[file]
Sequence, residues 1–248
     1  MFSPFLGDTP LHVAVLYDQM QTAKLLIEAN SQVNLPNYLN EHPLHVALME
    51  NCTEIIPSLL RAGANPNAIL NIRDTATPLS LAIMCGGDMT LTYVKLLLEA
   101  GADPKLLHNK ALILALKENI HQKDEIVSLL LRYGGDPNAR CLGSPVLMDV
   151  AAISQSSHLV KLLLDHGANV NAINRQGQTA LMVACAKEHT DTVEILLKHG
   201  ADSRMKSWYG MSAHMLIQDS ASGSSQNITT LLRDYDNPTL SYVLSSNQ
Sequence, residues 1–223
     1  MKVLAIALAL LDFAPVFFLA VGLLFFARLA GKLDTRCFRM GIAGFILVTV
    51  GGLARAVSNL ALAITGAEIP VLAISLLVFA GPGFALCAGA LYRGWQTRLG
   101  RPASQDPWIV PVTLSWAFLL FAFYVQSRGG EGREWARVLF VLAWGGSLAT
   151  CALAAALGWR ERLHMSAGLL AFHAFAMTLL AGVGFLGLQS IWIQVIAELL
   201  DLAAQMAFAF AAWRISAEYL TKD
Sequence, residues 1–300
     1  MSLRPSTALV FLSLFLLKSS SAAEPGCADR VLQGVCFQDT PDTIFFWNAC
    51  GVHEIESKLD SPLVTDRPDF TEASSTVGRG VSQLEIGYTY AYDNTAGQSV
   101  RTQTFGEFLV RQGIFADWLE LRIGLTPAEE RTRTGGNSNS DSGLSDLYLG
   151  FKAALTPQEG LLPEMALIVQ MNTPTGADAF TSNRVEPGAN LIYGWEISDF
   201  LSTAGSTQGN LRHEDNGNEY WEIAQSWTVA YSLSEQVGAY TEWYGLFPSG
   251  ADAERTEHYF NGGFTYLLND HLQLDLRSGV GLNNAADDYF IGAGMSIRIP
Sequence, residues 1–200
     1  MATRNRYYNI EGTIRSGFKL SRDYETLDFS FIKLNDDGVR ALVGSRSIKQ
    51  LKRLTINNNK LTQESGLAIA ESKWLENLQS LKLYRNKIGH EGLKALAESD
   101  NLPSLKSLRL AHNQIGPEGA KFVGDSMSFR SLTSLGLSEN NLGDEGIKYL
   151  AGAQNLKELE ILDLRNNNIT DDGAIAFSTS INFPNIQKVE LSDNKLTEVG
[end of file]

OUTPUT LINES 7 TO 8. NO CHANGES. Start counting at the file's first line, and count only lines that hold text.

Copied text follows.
Sequence, residues 1–223
     1  MKVLAIALAL LDFAPVFFLA VGLLFFARLA GKLDTRCFRM GIAGFILVTV